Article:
Tagged: Economic Value of a Law Degree

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Gatekeeping and the Economic Value of a Law Degree (Part 1)

gatekeepers image

When I first read the commentary concerning Michael Simkovic and Frank McIntyre’s “The Economic Value of a Law Degree,” I was most surprised by the attention that the commenters paid to the paper’s passing reference to the typewriter. S&M are aware that their work arrives at a time when it is popular to believe that technology has wrought a structural change to lawyers’ earnings. For their part, S&M cite Frank Miles Finch’s obloquy against typewriters in the first volume of the Columbia Law Review to show that worries of technological ruin are nothing new in our line of work. After listing several other examples (such as word processing and Westlaw), S&M maintain that “lawyers have prospered while adapting to once threatening new technologies and modes of work.”

Taken out of context, this last statement might sound as if S&M are engaging in bold fortunetelling based on a scant historical record, but a few paragraphs later, S&M concede that “past performance does not guarantee future returns” and “[t]he return to a law degree in 2020 can only be known for certain in 2020.” When read in conjunction with the rest of the paper, the typewriter reference serves as a brief and lighthearted reminder that we, like others before us, can fall victim to nostalgic gloom and doom.

Despite its minor role in the article, commenters have been eager to mention the typewriter observation, with references ranging from the favorable (here), to the neutral (here and here), to the mildly dismissive (here and here), to the critical (here). Having given some thought to the last entry on this list, Deborah Merritt’s wonderful blog entry on Law School Cafe, I now realize that I shouldn’t have been surprised by the attention paid to the typewriter; it turns out to be an important point for S&M to make.

Merritt argues contra S&M that (1) Finch was not engaging in sky-is-falling melodrama and (2) that the typewriter “may have contributed” to a structural change in lawyers’ earnings—specifically, the creation of three-year law schools and formal schooling requirements for bar admission.  As to the first point, Merritt explains that Finch mentioned the typewriter to bolster his argument that apprenticeships had ceased to be a viable training environment for lawyers. He was not predicting that the typewriter would lead to the demise of his profession; rather, he was talking about the need for an adequate training substitute. As to the second point, Merritt points out that the New York bar adopted Finch’s recommendations, in part, because it was persuaded by his Columbia article. I add that the ABA would eventually adopt similar requirements as well, also referencing Finch’s article in the process. Merritt highlights that Finch’s main point was that the typewriter limited apprentices’ exposure to the study of important legal texts and created a difficult learning environment. As a result, Finch argued, law school was the far better educational option.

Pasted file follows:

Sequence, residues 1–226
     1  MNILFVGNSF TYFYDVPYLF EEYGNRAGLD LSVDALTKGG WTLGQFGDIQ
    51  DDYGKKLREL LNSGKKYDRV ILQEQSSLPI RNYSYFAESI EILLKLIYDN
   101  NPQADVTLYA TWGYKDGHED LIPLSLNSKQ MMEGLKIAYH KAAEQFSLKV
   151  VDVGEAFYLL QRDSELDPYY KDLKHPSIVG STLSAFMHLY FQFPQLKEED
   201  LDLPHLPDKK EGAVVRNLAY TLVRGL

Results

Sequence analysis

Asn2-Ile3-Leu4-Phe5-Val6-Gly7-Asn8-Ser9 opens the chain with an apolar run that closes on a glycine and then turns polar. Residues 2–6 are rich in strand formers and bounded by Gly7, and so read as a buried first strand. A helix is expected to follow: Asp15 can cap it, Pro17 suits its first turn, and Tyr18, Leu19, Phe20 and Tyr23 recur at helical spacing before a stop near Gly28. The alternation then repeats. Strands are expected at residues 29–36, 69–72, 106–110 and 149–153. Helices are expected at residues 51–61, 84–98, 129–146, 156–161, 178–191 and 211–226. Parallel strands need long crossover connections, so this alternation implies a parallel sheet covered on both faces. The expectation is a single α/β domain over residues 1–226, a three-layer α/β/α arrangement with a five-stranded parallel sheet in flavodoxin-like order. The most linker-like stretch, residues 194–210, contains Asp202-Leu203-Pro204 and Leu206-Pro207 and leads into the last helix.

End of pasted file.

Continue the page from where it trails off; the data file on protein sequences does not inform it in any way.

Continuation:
Merritt’s post is thoughtful, well-researched, and concise. Moreover, she is largely right. Finch was not engaging in nostalgic sky-is-falling reasoning. In S&M’s defense, however, the notion of a Typewriter Doomsday was not altogether uncommon in the early Twentieth Century. To take but one example, Arkansas law titan George B. Rose mentioned the following in a 1920 speech to the Tennessee Bar Association:

A great menace to the wellbeing of the bar is the disproportionate increase of its numbers. With the invention of the typewriter, the simplification of pleadings and the improved methods of travel, one lawyer can now do the work of two in the olden time; yet the proportion of lawyers to the remainder of the community has enormously increased.

Rose’s remarks were received with great applause and an honorary membership into the Tennessee bar.

More importantly, Merritt stands on solid ground when she argues that technological change contributed to a shift in the business practices of legal professionals and, in turn, the shape of American legal education. There can be little doubt that this shift can be described as “structural.”

But I disagree with Merritt insofar as she believes that a structural shift in schooling requirements weakens S&M’s paper. To the contrary, it helps the paper by providing a prima facie explanation for relative stability in the law degree’s value.